Tag: geolocation based marketing

Geolocation based marketing helps drive foot traffic

These mobile promotions are sending consumers into stores where they are making their purchases.

A new report has now been issued by BI Intelligence which has shown that geolocation based marketing techniques are blurring the line that exists between the physical and the digital environments.

Techniques using this technology are helping to send consumers into brick and mortar shops.

This has been causing marketers to take advantage of geolocation based marketing techniques to help to encourage foot traffic into physical store locations by targeting smartphone users on their devices at the moments that they are already close to one of the shops. Of course, to be able to accomplish this goal, it means that those companies need to be able to identify the locations of the consumers and then use it properly to provide a relevant and appealing draw into the store.

New geolocaion based marketing incentives are using technology to help accomplish that goal.

Geolocation based marketing - foot trafficWithin a new BI Intelligence report, three different forms of approach to this technology have been studied. They are geoconquesting, geofencing, and geoaudiencing. Each of those uses similar technologies in a slightly different way. The report also examined some of the most effective applications that are providing consumers with enough value that they are willing to share their location with a brand or company.

What the report determined was that while these services are growing in their acceptance across the United States, they don’t appear to be growing in actual adoption. At the moment, a healthy 74 percent of American smartphone owners have reported that they use mobile location based services in some way or another. Though this is a good percentage, it is about the same as it was last year. This indicates that the tech isn’t becoming any more popular than it was a year ago.

The report also pointed out that check ins are starting to slide in their popularity. Though there were 18 percent of American device users saying that they were using local-social networks to check-in in February 2012, that figure is now closer to 12 percent. By understanding the latest insight in geolocation based marketing, marketers can better keep up with the trends and achieve the greatest ROI.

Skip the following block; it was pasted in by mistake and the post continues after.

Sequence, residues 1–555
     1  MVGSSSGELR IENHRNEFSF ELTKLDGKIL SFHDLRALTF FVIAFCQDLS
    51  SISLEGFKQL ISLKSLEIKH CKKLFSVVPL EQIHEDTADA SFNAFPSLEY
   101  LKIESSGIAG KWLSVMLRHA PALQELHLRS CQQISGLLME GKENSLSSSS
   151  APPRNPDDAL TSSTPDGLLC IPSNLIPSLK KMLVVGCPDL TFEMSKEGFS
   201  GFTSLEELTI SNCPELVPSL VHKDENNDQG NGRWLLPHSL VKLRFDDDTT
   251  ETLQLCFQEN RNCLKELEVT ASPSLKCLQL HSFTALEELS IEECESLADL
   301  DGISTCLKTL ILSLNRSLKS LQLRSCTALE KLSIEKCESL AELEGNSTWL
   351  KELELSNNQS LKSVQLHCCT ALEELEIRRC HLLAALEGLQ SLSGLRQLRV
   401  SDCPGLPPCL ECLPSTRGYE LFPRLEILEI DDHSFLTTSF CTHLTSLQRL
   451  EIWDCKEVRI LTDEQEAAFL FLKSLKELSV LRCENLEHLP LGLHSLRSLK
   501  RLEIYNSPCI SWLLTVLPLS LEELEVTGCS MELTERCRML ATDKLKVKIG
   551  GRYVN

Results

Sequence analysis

Location based marketing alerts appeal to some consumers

A new report has suggested that shoppers are ready to start to receive notifications based on where they are.

According to a report that has been issued by an in store provider of a mobile marketing platform, Swirl Networks, consumers are becoming increasingly willing to receive location based marketing alerts that are triggered by beacon signals when they enter a shop or other similar places.

This is a trend that has been interesting many tech and advertising giants and was discussed by the MMW earlier this month.

Major technology companies, such as Apple, are now turning their sights toward location based marketing alerts and everything that surrounds them. For example, that company recently launched its iBeacon tech, which gives merchants to provide shoppers with in store messages that draw attention to sales, deals, promotions, and other information that the consumer may find relevant.

One concern some companies have had is whether consumers are ready for location based marketing alerts.

location based marketing alertsAccording to the research outlined in the Swirl Networks report, consumers are ready and willing to start to obtain messages through their smartphones from a store when they have entered its doors. In fact, the study revealed that a considerable 77 percent of shoppers would be willing to share their data regarding the location of their smartphone (which is the central technology for campaigns triggered by beacons) as long as the value that they receive in return is deemed adequate.

The Swirl Networks study also showed that shoppers also have a greater likelihood of sharing their location data with their favorite retailers (as was the case among 65 percent of the research participants) than they would to Google, Facebook, or shopping or daily deal apps.

According to the report, “As retailers ramp up their use of beacons for in-store mobile marketing, they must overcome the two largest complaints from consumers about today’s mobile shopping alerts: lack of relevance (41 percent) and lack of value (37 percent).” This is important insight for retailers that hope to be able to encourage broad use of their location based mobile marketing alerts without turning off smartphone using customers.